Much has been said about John Wooden’s inspiring approach to life, but what can we learn about his attitude towards death? His family and former player Keith Erickson reflect that he hated being in the hospital, and wasn’t happy for the last two years of his life. At the same time, the inner peace that Wooden expresses in this video evokes a powerful image of a “good death.” How can his story be used to bring attention to the role and importance of palliative care?
Watch this incredible one minute video on John Wooden’s feelings about death (interview with Rick Reilly). It moved me so much that I watched it several times and transcribed it below.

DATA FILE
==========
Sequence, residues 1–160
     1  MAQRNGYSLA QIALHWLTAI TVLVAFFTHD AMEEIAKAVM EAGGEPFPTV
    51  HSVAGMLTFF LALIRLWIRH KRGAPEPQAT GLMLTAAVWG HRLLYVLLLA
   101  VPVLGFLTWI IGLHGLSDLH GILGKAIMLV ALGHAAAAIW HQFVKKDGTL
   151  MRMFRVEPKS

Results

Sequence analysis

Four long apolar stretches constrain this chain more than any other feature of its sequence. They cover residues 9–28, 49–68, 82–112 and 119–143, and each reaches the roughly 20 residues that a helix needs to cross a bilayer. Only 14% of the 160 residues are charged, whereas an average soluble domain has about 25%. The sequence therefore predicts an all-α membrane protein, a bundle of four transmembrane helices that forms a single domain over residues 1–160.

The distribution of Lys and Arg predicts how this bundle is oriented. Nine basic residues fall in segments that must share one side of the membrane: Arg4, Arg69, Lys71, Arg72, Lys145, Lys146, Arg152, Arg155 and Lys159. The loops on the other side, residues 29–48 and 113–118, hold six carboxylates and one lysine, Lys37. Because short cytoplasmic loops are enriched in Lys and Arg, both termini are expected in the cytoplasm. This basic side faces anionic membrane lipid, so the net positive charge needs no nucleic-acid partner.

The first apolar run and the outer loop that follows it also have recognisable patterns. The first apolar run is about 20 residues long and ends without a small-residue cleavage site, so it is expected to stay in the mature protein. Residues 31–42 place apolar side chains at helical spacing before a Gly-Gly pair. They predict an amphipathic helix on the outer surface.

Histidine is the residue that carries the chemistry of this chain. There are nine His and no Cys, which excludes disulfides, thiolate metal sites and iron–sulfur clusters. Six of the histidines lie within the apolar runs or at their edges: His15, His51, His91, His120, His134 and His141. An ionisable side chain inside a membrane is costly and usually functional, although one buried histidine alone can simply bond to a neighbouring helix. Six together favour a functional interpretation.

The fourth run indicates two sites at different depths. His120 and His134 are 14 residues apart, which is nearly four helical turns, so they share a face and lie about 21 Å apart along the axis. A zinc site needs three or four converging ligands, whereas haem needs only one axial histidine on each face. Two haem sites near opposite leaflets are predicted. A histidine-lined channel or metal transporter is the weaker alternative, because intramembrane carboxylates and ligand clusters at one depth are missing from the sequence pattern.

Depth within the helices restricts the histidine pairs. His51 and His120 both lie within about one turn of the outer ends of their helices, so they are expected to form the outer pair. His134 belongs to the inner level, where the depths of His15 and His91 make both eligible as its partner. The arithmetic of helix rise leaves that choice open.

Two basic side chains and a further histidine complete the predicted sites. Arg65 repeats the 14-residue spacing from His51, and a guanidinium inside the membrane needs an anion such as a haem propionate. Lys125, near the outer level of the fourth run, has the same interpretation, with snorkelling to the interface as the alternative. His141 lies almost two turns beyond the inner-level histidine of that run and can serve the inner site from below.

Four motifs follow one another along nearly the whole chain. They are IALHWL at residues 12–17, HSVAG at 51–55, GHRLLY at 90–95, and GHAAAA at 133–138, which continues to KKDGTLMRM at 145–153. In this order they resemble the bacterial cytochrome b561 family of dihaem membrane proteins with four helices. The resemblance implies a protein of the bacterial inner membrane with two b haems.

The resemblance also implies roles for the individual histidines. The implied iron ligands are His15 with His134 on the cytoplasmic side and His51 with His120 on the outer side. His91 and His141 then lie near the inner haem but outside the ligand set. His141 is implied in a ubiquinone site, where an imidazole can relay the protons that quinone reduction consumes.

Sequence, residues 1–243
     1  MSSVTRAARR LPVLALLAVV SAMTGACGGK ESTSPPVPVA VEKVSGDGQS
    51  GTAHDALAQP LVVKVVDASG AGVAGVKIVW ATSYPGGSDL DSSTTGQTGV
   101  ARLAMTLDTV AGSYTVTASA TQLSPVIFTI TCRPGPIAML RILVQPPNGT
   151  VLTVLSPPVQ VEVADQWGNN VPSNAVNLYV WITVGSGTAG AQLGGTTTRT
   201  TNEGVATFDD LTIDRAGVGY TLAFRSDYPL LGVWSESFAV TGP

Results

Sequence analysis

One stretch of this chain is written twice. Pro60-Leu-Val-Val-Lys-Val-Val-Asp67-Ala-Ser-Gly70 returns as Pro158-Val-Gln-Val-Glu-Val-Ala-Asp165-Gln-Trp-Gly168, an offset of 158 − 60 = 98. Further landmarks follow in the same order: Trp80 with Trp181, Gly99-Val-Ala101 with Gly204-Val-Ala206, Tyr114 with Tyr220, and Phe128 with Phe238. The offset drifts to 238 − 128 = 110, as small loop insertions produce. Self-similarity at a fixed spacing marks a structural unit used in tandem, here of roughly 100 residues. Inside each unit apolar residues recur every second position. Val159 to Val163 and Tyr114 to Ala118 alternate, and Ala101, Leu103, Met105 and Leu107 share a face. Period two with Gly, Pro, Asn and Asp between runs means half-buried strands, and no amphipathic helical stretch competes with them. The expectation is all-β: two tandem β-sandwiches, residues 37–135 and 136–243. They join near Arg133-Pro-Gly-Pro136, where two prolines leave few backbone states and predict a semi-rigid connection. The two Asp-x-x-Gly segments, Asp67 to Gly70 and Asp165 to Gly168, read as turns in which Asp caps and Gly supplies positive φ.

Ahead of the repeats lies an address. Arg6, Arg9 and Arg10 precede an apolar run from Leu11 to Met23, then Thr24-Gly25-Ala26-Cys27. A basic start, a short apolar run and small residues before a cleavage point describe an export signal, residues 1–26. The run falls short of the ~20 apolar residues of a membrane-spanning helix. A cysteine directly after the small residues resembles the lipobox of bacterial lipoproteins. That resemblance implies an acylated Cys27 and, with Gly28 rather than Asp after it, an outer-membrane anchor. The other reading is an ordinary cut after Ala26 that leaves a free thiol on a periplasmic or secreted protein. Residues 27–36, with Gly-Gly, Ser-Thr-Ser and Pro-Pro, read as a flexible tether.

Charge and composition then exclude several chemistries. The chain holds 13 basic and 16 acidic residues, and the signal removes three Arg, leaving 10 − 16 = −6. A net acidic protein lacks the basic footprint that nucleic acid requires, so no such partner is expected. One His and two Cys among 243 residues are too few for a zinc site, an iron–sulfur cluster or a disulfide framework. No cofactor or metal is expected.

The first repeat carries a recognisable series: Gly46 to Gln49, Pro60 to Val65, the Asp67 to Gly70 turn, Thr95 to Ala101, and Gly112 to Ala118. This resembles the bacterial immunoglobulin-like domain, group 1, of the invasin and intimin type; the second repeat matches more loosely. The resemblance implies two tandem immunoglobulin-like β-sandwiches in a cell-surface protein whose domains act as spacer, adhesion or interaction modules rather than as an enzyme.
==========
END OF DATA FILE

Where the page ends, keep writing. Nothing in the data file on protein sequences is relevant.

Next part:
REILLY: Are you afraid to die?
WOODEN: No. I’m not afraid to die.
REILLY: How come?
WOODEN: Why should I be afraid? That is the most wonderful thing that’ll ever happen. It really is. Absolutely I’m not afraid to die.
“Once I was afraid of dying, Not Anymore” by Swen Nater (former Bruin player), written for John Wooden
Once I was afraid of dying. Terrified at ever lying.
Petrified of leaving family, home and friends.
Thoughts of Absence from my Dear Ones,
Brought a melancholy tear once
And a dreadful dreadful fear of when life ends
But those days are long behind me,
Fear really does not bind me.
And departure does not hold a single care
Peace has comfort as I ponder
A reunion in Thy yonder,
With my dearest one who is waiting for me there
Posted by Lindsey Yourman